This chapter has covered what logging on a SUSE Linux system means and what you can do with the messages that are generated both by the kernel and processes that you run.
However, reading log files is a skill in itself. There is no good way to teach people how to read log files; rather, it is something that comes with experience. We will give you our short rundown of common entries you will find in /var/log/messages and explain how to interpret them to help you on your way. The following line is an example of a log entry indicating an SSH login failure:
May 27 23:23:35 bible sshd: error: PAM: Authentication failure
From this example, you can see certain things about log entries that are generic to all of them. The first entry is the date and time this entry was created, with the host name of the machine that the message originated from (in this case, bible). The next entry is usually the process that actually created the log entry (in this case the ssh daemon). The number you see next to the process name is the process number, followed by the message itself.
The message you see in this example is self-explanatory, saying that there was an authentication error. The PAM: entry is something you will see with most authentication errors in Linux as PAM (Pluggable Authentication Modules) is used to take a username and password for a process and decide if this user with the password they have entered is actually allowed to log in to the system.
This next example is an informational message from the kernel after a kernel driver has been loaded:
May 27 22:19:22 bible kernel: IPv6 over IPv4 tunneling driver
This means that the driver that deals with tunneling IPv6 traffic over IPv4 has been loaded successfully.
So here you have seen two extremes of what you might find in a log file. The latter example is a general informational message telling you all is fine. The other is a bit more serious, telling you that someone attempted to log in to the system but failed because they provided the wrong authentication information (wrong username or password).
Log files are there to help you in your running of your Linux system. You have to be vigilant in your efforts to keep the system running nicely, and log files help you with this.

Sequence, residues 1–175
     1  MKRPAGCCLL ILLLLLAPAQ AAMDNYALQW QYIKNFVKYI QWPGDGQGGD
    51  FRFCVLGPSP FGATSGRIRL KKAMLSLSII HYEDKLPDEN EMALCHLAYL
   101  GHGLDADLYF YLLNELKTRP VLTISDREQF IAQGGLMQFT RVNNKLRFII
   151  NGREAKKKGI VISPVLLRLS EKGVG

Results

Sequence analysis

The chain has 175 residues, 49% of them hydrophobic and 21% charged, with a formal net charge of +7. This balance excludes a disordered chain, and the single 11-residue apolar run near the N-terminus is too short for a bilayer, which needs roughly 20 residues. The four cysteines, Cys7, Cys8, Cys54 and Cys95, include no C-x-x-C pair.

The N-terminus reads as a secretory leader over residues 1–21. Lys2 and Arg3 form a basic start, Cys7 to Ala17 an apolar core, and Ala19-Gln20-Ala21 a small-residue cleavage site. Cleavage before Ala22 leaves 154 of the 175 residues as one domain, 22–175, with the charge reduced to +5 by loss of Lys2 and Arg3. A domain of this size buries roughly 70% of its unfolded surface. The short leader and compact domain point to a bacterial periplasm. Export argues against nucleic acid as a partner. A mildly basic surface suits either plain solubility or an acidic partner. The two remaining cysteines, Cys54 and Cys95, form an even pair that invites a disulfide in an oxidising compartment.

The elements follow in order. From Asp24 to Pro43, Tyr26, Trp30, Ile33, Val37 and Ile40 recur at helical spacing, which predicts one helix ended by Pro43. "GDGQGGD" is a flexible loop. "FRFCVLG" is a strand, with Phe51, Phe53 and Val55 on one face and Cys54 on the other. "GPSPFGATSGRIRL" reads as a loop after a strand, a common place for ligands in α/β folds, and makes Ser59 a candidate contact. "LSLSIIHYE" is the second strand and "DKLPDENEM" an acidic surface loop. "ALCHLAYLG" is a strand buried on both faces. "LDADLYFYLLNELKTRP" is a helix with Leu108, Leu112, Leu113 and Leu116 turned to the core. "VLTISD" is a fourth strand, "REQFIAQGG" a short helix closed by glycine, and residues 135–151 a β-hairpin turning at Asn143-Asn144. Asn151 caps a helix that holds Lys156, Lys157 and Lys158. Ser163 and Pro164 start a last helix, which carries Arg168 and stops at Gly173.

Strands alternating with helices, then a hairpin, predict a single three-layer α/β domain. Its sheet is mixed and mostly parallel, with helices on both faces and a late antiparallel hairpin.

Have you checked your logs recently?
The graphical interface that comes with Linux is provided by an implementation of the X Window system. The X Window system is a set of protocols and standards for a cross-platform, network-transparent graphics display system. On Linux, the implementation chosen was traditionally from the XFree86 project. Arguments about licensing have resulted in the major Linux distributors switching from XFree86 to the X.org project from www.x.org. In the case of SUSE, this change was made with the release of the 9.2 version. However, this makes no difference to the principles discussed here.
[. ' i."'1 Historically, the original developers of the X Window system have been very insistent about the fact that it is a window system named X, and thus should not simply be referred to as X. In this book, we refer to the X Window system as X because it is more convenient and common to do so. Computer history fans should note that the designation X originally came from the fact that the project that inspired the X Window system was the W Window system from Stanford University — X is simply the next letter of the alphabet.
The big difference between X and (for example) the graphics display systems found in Microsoft Windows or Mac OS X is that X is inherently network-transparent and is designed from the ground up as a client-server system. That means that, using X, you can run a graphical program in one place and display its output somewhere else. This is a capability for which you may need special add-ons in the Windows world, but that is built into Linux. The "somewhere else'' where you will be displaying the graphical output can be any platform for which an X server implementation is available, including virtually any operating system capable of TCP/IP networking and running a graphical display. In a typical Linux desktop
IN THIS CHAPTER
X Window system concepts
The KDE desktop
The GNOME desktop
Building X applications situation, you will of course be running the display on the same machine that the applications are running on. However, the network transparency of X provides huge benefits that we examine later in this chapter.
The common complaints that are often heard about X are the problems of configuration (largely but not entirely a thing of the past), problems with fonts (anti-aliased display of fonts in all situations took a long time to become available on Linux), lack of direct support for hardware acceleration, and other performance issues. Some of these difficulties are directly related to the fact that implementations of X have to be backward-compatible and standards-compliant.
Largely through the efforts of open source operating systems such as Linux, FreeBSD, OpenBSD, and NetBSD, X Window system configuration today is quite easy, rivaling the ease of installing and configuring graphics on any modern operating system. The XFree86 project's generic xf86config utility is quite easy to use but requires some knowledge of your system's graphical capabilities. The X.org project's xorgcfg utility is very similar and has similar information requirements. The vendors that sell and support Linux and BSD distributions have stepped in to make things even easier. Applications such as the sax2 utility developed by SUSE and provided with all SUSE Linux distributions provide a simpler, almost automatic mechanism for configuring and fine-tuning X on a modern Linux system.
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